Hunt for missing piece of the moon
PR dla Zagranicy
Moon dust presented to Poland by American President Richard Nixon in 1973 has disappeared without trace.
The lunar souvenir, which is technically worth millions of dollars, came from the Apollo 17 expedition of December 1972, the last time that humans set foot on the moon.
The sample was transferred to the office of prominent Polish communist, Professor Henryk Jablonski, the then Chairman of the Council of State between 1972 and 1985.
Jablonski also received a plaque commemorating the landmark - or rather moon-mark – Apollo 11 expedition of July 1969, which saw the first human steps onto the moon.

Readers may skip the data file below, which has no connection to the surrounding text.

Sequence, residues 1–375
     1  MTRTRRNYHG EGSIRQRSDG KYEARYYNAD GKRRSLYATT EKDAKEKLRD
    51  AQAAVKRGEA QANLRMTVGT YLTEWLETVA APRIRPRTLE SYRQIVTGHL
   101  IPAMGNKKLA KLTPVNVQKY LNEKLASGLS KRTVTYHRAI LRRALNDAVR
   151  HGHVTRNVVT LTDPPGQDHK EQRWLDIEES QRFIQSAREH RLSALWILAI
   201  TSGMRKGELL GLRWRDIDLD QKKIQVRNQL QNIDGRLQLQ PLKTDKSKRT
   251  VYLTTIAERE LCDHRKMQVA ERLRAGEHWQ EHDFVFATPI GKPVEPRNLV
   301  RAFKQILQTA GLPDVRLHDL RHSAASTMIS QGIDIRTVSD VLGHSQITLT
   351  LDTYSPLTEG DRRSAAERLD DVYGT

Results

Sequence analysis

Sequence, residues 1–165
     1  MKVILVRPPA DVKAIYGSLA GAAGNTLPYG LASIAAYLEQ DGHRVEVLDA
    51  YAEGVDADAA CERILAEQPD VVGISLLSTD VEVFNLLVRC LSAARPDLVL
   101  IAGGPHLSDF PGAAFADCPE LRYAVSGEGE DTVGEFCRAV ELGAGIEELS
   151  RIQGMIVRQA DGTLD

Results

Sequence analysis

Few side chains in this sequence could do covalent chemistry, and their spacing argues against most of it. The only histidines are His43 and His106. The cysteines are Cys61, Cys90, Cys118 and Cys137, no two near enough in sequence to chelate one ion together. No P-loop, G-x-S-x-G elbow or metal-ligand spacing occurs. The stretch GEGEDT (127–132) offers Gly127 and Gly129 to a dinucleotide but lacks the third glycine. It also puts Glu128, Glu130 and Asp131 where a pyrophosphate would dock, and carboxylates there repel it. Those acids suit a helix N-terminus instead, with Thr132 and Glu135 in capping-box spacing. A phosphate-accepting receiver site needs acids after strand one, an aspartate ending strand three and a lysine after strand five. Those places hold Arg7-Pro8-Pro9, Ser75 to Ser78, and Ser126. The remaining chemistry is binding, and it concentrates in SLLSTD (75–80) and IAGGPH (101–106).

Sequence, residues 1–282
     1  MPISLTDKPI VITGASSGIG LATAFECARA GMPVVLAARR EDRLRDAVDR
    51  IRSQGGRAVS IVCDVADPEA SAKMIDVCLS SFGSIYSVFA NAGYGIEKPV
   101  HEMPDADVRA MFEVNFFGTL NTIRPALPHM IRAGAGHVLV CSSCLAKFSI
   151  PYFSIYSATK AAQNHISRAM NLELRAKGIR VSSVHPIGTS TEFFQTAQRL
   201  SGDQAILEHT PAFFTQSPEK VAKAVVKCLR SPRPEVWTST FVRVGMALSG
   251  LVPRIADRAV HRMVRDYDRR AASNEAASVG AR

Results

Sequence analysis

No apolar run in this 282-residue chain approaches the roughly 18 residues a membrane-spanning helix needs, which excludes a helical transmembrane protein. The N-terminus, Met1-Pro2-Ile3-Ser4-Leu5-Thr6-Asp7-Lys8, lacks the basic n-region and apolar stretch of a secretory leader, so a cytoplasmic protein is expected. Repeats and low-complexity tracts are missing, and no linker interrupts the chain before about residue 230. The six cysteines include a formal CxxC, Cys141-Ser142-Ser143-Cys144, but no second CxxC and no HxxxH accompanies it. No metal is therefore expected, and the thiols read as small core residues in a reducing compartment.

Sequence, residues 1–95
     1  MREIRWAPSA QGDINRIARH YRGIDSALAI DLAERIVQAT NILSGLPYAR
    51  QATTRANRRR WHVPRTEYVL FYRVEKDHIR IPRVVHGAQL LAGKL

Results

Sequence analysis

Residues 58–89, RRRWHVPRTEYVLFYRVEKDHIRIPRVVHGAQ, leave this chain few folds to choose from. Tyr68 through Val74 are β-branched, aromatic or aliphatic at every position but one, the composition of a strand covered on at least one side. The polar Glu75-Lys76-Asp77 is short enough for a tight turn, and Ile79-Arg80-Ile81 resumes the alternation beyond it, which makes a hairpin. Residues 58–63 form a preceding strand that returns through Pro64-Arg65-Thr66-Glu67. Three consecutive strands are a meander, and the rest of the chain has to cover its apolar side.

The latter item can be viewed at the Planetarium in the city of Olsztyn, northern Poland. However, the fate of the Apollo 17 moon dust is a mystery.
The Council of State was abolished with the fall of communism in 1989, and the office of the President of Poland took over many of its duties.
However, the president's office has told the Gazeta Wyborcza daily that it does not possess any lunar samples, although it acknowledged that a record of the gift endures in the archives.
Polish space enthusiasts are hoping that the sample has not gone the same way as one presented to Ireland in 1969.
The Irish moon dust was accidentally thrown away in 1977, after a fire ravaged the country's Dunsink Observatory. (nh/pg)